Note especially the visitor rule:  When friends, relatives and babysitters arrive, you can tell them just what activities a small child is getting into lately involving the kitchen and dining areas. Even the most frequent visitors and caretakers may be unaware of recent growth progress that can place toddlers  even more at risk of scald injury.

    For example, household members may know they need to keep hot coffee cups off a low table a child has just learned to reach, but a visitor may not. If a toddler discovers and spills a cup of hot coffee placed on the table by a visitor, the resulting burn could cover a large area of a small child’s body and require burn center care.

    Be sure to turn pot handles away from the stove edge when you start cooking.

    Avoid using microwave ovens to heat baby bottles. And don’t allow young children to use microwave ovens themselves.

    Place electric cooking appliances where extension cords are not needed and keep appliance cords away from the counter edge.

    The following safety-oriented behaviors will further reduce the risk of scald injury when small children are right underfoot.

    Kid-Free-ZoneScald-safe child supervision

    • Supervise young children at all times
    • Encourage use of “kid-safe” zone
    • Never hold a child in your arm:

    –While preparing or serving hot food

    –While drinking a hot beverage

    • Keep hot food and liquids high and out of the reach of young children

    The best way to make household modifications and everyday preparations effective is to keep track of what young children are doing at all times. Inattention can undermine safety measures you’ve put in place.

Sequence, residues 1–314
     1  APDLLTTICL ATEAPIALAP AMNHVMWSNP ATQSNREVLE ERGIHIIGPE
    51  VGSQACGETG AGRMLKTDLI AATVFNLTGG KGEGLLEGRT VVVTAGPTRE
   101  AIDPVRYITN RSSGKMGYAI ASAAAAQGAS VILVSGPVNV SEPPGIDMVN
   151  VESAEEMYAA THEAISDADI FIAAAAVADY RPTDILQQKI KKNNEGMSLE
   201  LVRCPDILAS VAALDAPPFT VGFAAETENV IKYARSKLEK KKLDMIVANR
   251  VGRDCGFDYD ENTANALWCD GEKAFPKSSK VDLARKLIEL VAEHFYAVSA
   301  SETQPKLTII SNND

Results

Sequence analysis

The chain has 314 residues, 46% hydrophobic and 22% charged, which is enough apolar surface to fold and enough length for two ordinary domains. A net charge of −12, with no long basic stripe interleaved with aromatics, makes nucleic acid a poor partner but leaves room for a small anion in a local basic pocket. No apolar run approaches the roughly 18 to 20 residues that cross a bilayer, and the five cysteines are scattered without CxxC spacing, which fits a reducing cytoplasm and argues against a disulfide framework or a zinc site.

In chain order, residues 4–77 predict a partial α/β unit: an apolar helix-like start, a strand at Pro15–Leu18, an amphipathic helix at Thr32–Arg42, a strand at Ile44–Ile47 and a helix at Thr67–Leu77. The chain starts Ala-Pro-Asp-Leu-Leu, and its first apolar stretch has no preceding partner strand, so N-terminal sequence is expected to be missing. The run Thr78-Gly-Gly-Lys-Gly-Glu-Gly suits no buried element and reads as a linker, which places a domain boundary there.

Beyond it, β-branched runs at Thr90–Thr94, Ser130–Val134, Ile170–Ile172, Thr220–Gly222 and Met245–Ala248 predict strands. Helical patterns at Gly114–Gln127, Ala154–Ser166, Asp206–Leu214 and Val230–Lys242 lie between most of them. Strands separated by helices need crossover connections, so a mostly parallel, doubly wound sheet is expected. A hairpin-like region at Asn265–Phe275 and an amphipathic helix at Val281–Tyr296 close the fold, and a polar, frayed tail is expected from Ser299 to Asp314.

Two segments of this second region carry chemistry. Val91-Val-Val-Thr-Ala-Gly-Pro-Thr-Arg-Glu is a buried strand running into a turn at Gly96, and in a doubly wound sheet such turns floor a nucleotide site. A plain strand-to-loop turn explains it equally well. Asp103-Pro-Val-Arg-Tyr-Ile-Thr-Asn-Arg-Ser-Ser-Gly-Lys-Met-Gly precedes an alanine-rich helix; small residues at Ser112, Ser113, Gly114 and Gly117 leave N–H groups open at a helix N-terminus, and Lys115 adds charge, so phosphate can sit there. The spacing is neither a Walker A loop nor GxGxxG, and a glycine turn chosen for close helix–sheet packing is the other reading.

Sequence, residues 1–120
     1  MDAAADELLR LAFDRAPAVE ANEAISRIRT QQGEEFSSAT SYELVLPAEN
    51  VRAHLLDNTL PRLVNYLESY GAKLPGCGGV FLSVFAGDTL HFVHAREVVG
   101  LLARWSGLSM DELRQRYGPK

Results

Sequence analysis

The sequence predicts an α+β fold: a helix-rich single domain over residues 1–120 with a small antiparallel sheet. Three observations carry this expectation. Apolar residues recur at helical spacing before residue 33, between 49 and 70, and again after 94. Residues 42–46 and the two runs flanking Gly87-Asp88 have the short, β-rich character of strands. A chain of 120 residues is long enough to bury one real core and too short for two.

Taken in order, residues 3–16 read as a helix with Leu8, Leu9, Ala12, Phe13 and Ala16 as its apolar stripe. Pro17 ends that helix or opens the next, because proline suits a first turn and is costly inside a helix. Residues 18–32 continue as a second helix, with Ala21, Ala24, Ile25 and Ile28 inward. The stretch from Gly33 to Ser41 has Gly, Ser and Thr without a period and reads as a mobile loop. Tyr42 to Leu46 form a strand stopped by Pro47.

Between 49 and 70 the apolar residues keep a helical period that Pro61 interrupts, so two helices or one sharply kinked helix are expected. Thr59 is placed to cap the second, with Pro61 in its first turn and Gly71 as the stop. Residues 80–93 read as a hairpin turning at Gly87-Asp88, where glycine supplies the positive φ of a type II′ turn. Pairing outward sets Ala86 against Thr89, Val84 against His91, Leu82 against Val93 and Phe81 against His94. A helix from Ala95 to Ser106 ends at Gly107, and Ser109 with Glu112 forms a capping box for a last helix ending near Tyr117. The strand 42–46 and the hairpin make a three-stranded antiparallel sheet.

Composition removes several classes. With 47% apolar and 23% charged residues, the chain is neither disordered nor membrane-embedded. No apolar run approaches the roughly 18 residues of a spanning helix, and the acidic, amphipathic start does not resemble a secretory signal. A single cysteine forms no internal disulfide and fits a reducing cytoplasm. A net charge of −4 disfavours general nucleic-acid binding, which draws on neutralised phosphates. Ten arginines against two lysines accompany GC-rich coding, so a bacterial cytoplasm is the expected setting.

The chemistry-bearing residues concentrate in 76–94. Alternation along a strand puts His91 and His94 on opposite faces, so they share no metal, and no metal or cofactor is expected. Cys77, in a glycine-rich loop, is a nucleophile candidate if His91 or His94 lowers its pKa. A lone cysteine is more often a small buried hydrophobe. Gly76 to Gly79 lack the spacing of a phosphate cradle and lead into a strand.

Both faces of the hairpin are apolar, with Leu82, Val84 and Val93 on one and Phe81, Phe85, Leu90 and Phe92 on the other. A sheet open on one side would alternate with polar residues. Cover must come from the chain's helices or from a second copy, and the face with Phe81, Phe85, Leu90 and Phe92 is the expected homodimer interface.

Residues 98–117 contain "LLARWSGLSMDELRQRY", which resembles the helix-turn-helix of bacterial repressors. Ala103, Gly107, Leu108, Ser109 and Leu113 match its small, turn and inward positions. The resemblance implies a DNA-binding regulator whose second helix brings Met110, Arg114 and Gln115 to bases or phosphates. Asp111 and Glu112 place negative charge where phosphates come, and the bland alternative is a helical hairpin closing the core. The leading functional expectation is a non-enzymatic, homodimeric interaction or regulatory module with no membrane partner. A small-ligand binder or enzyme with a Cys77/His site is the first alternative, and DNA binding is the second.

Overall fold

You’ve already taught children about the “kid-free” zone. While you’re cooking, encourage them to enjoy the “kid-safe” zone outside that area. For very young children, the best “kid-safe” place in the kitchen is a playpen or high chair.

    The most dangerous place may be in the arm or lap of an adult who is preparing or serving hot food or drinking a hot beverage. If a child bumps the arm holding the hot food or drink, the resulting spill could cause a serious injury.

    Keep hot food and liquids high and out of the reach of young children. Since microwave ovens do not always heat foods and beverages evenly, stir and test hot food portions before serving children.

    Burn Safety Supplies Burn Safety Supplies
  • Webinar Tomorrow: STEP into Preparedness

    Join the Federal Emergency Management Agency on Thursday, January 11, 2016, as we present the newly updated Student Tools for Emergency Planning (STEP) materials and share tips and lessons learned from teaching the program.

    STEP is a classroom-based emergency preparedness curriculum that teaches fourth and fifth-graders about emergencies and how to create a disaster supply kit and family emergency communications plan.

    CERT Gear & Supplies CERT Gear & Supplies

    Title: Step into Preparedness
    Date: Thursday, February 11, 2016